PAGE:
Equality, Diversity & Inclusion at King's College London

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Top tips for accessible online meetings

Abbie Russell is the Administrative Support Officer for the Institute of Psychiatry, Psychology & Neuroscience (IoPPN) at King’s, working in communications and health and safety. She is the Disability Equality Champion at the IoPPN and chairs the Disability Inclusion Working Group. She is also the co-chair (community) for Access King’s, the staff disability inclusion network. 

The Microsoft Teams interface

The IoPPN Disability Inclusion Working Group have collated these top tips for ensuring your online meeting or event is accessible. The list is non-exhaustive and we note that with accessibility should come flexibility, and that some of these tips will work for some people and not for others. Reach out to your audience and find out what works best for them!

Here we go… 

  1. Provide as much information about the event beforehand (as you normally would) e.g. how to sign up/join the meeting; what meeting platform will be used 
  2. The format of the meeting/event and who will be speaking. This helps to manage expectations and allow for any preparation beforehand. 
  3. Check with presenters that they are confident in using chosen platformOffer a short tutorial or test run ahead of the meeting. 
  4. Share slides ahead of time to allow processing time and to allow for technical issues (e.g. if the slides don’t load properly, participants can still access the slides, and use their own software to take in the information.) 
  5. Manage expectations and respect personal preferences (e.g. using video or microphone). For larger meetings, participants might be asked to join the meeting without video to improve the quality of the call. Alternatively, for a small team, participants may be invited to share their video if possible, to encourage participation. 
  6. Ask participants to join on mute, especially if there are lots of people joining, to prevent noise and make it easier to hear the speaker. 
  7. At the start of the meeting, outline the format of the event. E.g. what will happen and who will be speaking 
  8. Ask participants to post comments and questions using chat function (or ‘raise hand’ to notify the chair on Zoom). 
  9. Ask participants to introduce themselves before speaking, so that others know who is speaking. 
  10. Highlight features such as chat functions and live captions at the start of the meeting 
  11. Use live captions  this is good for people in loud environments or those with hearing impairment . MS Teams has an auto captions feature https://support.office.com/en-us/article/Use-live-captions-in-a-Teams-meeting-4be2d304-f675-4b57-8347-cbd000a21260  and Zoom provides closed captioning https://support.zoom.us/hc/en-us/articles/115002522006-Closed-Captioning-With-Zoom-Rooms.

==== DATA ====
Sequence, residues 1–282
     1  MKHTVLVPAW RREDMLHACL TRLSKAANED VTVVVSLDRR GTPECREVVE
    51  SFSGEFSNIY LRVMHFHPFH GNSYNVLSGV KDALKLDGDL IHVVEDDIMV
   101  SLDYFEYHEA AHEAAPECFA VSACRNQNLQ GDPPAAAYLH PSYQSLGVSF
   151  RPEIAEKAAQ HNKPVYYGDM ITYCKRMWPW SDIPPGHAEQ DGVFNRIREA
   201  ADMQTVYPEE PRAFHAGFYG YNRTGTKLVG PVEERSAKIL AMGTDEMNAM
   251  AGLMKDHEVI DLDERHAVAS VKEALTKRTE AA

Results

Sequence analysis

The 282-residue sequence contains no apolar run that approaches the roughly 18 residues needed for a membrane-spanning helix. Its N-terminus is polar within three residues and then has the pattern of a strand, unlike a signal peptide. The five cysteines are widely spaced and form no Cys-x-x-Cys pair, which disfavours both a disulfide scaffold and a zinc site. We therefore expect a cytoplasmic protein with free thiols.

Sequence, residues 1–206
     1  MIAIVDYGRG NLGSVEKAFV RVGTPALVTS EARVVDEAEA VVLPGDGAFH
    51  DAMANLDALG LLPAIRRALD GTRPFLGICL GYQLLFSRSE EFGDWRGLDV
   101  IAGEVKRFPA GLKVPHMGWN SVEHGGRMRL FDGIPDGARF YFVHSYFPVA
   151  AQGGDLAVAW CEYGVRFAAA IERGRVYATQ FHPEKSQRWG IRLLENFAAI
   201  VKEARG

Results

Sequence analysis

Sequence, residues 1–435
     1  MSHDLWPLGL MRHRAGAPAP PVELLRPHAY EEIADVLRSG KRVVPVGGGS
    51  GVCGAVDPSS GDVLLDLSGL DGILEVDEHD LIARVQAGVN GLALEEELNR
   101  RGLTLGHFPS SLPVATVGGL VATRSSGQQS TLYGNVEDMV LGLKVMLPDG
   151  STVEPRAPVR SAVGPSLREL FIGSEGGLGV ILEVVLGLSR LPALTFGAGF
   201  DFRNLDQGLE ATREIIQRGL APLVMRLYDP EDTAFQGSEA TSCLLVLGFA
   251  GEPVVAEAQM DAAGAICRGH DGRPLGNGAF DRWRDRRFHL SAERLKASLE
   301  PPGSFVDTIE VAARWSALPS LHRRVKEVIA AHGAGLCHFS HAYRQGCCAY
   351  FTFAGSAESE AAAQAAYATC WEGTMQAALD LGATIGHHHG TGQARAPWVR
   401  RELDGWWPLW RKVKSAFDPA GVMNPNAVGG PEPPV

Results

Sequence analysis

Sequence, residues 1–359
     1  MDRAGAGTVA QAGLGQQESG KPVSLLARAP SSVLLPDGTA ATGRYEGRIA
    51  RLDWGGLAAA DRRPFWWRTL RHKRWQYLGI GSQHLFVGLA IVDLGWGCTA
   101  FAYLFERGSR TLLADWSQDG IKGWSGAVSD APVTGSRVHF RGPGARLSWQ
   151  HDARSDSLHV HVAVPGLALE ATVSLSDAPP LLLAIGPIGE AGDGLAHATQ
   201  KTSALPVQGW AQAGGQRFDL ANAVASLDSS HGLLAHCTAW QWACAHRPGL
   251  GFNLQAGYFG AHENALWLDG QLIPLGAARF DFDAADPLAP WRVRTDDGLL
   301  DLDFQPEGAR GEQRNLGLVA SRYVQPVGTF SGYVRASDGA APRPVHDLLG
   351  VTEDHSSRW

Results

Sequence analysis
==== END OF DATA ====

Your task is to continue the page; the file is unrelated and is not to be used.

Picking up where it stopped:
12. Blur background if you have a busy environment – this makes it easier for participants to focus on the speaker. However, be mindful that this feature is not available to all machines and a presenter may prefer not to. 
  13. Make sure any materials shared before/after are accessible – use Microsoft Accessibility Checker https://support.office.com/en-us/article/Improve-accessibility-with-the-Accessibility-Checker-a16f6de0-2f39-4a2b-8bd8-5ad801426c7f 

Further reading: 

You can find more content like this on the Access King’s YammerClick here to read about the Access King’s community network and to get involved. 

Reconceptualising Resilience

Alex Prestage is Equality, Diversity & Inclusion Manager at King’s. Throughout his career, he’s reflected on resilience in Higher Education and now offers his thoughts on its potential as the King’s community rise to challenges posed by the current pandemic.

Resilience – a word we often use in times of crisis.

Before continuing to read, spend a second or two to reflect: what is resilience? Where does it come from? How can it be measured?

What were your thoughts and reflections? Was it an easy concept to define? Do you think you have it? How much do you think you have? When will you know you have enough? How do you get more?

Of course, I’m being only slightly facetious here. Resilience is a word we rarely define in specific terms and it’s almost impossible to measure quantitatively – the threshold for it is usually imagined. It’s a hard concept to grapple with, and often just leaves us wanting more.

Resilience is commonly defined as the capacity for an individual or organisation to recover from adversity – something, perhaps, we can all relate to of late; something we are going to, collectively, need more of in the future.

However, the UK Education sector (not just HE) and successive governments have a worrying habit when speaking about resilience – a habit of adopting a flawed model and way of thinking, particularly when referring to our learners and their outcomes. You might remember Nicki Morgan and David Cameron’s Character Education or be familiar with Angela Lee Duckworth’s grit.

Typically, when invoking ‘character’ or ‘grit’ we refer to resilience as essential or innate; something that people either have some (or no) capacity for and that this is static. More often than not, we refer to a deficit of resilience, a lack, suggesting that the outcome of a situation may have been more positive “if only X had been more resilient”.

It’s this conceptualisation of resilience in HE that I and others have written about before, and this understanding that I think UK HE, and King’s, should move away from if we are to be truly resilient to the adversity we currently face and will continue to face as a community of colleagues and learners. However, I’m not about to bash an idea without an alternative to propose.

So, what am I suggesting?

Reconceptualising resilience.